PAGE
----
How I Discovered the Moodswings of Poseidon and His Ocean

Our 14 day kayaking/camping trip officially began the night of Thursday, July 19th, 2012. All day Thursday the three of us (me, Phil, and Maisha) drove around the island picking up the kayaks, more food, more gear, and dry bags to get ready for the big trip. Later in the evening we picked up three very special people from the bus stop: Sean, the guy from Australia that I had met the day before/my kayaking buddy, and Matt and Kelsea, a couple from northeast on the mainland who were also living and doing work trade on the farm with Phil.

We waited until the lifeguards had left Ke'e beach before dragging all of our gear (and the kayaks) a ways down the beach where we could camp without having to worry about getting in trouble for it. We lit a fire, made some yummy dinner and enjoyed each other’s company, singing and talking about literally anything and everything under the sun before all heading to bed since all 6 of us were going to be waking up pretty dang early. But check out this view at Ke’e…that's the very beginning of the famous Nepali coastline.

So on the morning of Friday the 20th at 6 am exactly Phil, Maisha, Sean, and I headed out in our kayaks for Kalalau Beach (which is only about 6 miles away by water). Matt and Kelsea started the grueling 11 mile hike in at the same time as us but won’t get there until much later in the day since it will take between 5 and 6 hours for them. So our plan was for the four of us to kayak in and set up camp before meeting back up with Matt and Kelsea in Kalalau. Sounds simple, right?

From the get-go Sean and I were obviously the weaker kayak team. It was my first time ever kayaking on the ocean and only my second time kayaking in general. Sean said he had kayaked a bunch before but we didn’t have a rudder in the back which made steering in the waves an absolute chore for Sean. Luckily, it was still really early so the waves weren’t too bad and we were going with current the whole way down the first chunk of the Nepali coast towards Kalalau. But Sean and I weren’t keeping rhythm near as well as Phil and Maisha were and after two hours we were super excited to finally spot the beach.

But then I realized we’d have to beach our kayaks on shore…and I’ve never beached a kayak before in my life, let alone with big swells crashing all over the place. But Sean told me to relax and we’ll just ride the little waves in and all will be fine.

Phil and Maisha were really far ahead of us so we watched them beach first without a hiccup. So I thought to myself, oh we totally got this…


It was like a scene straight out of a damn movie as Sean and I approached the shore line. 

Phil and Maisha were trying to signal for us to stop but we were paddling full speed right as the wrong wave crested in the wrong place…and sent us both tumbling out into the water as the kayak rolled over us, spilling our dry bags and huge tubs of food and supplies for the next two weeks everywhere. 

I immediately got to the surface and started running after all of the stray items with Phil, grabbing the box of food and a flipper and water bottle. But as Sean and I stumbled onto shore, I realized that the mask and snorkel I had gotten in Australia last year was long gone and in Poseidon’s grasp now. I immediately jumped back in to try and find them, but to no avail. We were all tired and exhausted, and pissed at losing things from the kayak flip, not to mention the embarrassment of flipping a kayak in front of an entire beach. (Sean lost sunglasses and Phil lost a flipper and a cooking pan, but everything else we managed to salvage).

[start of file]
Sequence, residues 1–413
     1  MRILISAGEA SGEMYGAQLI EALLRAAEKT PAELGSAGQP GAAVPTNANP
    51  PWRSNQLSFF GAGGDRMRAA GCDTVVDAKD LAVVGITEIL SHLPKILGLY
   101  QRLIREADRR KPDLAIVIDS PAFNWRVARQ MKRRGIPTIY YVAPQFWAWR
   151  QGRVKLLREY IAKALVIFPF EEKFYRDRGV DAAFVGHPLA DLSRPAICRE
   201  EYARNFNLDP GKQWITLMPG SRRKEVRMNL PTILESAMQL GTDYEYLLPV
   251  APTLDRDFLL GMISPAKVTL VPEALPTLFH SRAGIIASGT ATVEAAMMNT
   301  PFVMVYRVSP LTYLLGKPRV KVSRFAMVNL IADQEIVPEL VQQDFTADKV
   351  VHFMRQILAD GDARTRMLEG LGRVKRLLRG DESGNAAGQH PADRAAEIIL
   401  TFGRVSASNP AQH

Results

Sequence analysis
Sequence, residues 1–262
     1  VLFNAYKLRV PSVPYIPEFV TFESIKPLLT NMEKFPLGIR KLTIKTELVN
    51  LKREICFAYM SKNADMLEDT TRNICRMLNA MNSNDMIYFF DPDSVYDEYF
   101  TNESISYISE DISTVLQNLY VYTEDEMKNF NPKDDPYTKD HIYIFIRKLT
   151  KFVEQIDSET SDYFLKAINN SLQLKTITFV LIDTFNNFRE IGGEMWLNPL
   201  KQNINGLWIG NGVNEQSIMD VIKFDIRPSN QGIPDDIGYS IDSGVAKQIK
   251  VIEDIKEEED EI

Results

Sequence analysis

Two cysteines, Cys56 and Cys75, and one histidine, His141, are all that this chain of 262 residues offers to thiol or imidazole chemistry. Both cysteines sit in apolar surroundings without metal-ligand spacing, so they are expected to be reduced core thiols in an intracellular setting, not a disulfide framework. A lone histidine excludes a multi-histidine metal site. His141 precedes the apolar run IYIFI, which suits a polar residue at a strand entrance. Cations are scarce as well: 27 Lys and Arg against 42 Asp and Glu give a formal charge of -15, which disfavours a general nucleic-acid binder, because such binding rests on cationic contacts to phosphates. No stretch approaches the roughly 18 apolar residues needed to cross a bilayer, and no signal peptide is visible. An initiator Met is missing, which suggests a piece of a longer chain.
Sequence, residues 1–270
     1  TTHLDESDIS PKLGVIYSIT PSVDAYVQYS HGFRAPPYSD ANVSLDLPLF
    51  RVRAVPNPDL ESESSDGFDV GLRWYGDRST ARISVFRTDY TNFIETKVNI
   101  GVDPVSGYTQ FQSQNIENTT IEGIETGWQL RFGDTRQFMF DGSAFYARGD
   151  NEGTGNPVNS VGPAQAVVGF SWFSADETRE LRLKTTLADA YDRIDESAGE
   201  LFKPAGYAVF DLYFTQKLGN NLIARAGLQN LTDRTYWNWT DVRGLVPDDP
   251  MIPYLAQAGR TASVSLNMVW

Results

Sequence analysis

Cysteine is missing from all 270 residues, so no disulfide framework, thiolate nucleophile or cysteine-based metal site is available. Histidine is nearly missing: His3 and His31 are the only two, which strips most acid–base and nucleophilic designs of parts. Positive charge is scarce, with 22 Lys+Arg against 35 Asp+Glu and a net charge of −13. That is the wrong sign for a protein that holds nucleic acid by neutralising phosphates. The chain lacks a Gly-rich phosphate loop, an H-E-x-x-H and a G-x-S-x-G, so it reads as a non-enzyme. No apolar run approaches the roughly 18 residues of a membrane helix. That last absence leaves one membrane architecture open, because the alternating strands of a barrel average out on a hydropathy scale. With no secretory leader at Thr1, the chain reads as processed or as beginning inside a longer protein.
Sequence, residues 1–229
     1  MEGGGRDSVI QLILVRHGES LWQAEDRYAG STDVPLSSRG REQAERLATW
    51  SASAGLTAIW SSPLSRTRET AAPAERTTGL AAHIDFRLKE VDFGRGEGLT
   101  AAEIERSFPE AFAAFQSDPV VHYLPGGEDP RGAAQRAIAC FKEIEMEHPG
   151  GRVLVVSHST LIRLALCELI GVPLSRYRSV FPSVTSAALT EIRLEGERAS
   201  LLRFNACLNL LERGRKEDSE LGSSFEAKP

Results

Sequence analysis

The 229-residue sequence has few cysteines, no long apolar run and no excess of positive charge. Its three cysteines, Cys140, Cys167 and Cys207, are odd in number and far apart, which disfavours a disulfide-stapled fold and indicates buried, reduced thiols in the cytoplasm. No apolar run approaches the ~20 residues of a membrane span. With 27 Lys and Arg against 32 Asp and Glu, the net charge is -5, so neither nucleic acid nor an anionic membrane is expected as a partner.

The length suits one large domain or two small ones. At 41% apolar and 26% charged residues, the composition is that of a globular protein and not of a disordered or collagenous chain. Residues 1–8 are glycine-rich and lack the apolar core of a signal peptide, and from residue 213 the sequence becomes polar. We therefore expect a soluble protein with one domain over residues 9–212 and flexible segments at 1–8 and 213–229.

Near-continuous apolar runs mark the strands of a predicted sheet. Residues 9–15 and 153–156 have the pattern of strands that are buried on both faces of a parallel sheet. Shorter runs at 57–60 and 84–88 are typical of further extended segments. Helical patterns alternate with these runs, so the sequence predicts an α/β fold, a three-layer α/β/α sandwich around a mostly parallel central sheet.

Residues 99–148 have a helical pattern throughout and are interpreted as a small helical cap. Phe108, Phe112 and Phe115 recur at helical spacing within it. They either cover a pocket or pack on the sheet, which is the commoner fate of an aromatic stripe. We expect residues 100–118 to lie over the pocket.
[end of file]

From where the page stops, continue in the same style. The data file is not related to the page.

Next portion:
Then Phil and Maisha spotted a huge empty cave at the end of the beach that they wanted to set up camp in…nearly a mile down the beach.

After we walked all of our dry bags, pots and pans, and boxes of food down to the cave, we had the horribly daunting task of dragging the kayaks down to the cave as well. All four of us were too spooked from the crash to try and brave the increasingly growing surf to just paddle them down so we did the next logical thing: pull them down the entire freaking beach.

There have been only a handful of times in my life that I’ve been that exhausted from something, and that lugging those waterlogged things for a mile down a beach just catapulted to the head of the list. I was so exhausted in fact, that all I could do was nap and tan for the next few hours until Matt and Kelsea arrived from the trail to see our new home. But I quickly realized that all our labors were definitely worth it.

Absolutely breathtaking, right?

So it was just the 6 of us before we met an amazing brother and sister team from San Diego and New York (Andrew and Nicole) and we instantly adopted them into our group which meant that 8 of us were now staying in the cave…and we still had plenty of room.

But here’s the new dilemma: getting fresh water from the waterfall to drink and cook with is a mile hike back down the beach. And to get firewood to cook with is also a mile down the beach around the waterfall. Yeah, we were in store for some serious exercising.

But all of this was just the start of the most incredible journey in Kalalau.And at least after the fiasco of this morning, I now better understand just how moody Poseidon can be. 

~Little Blonde Traveler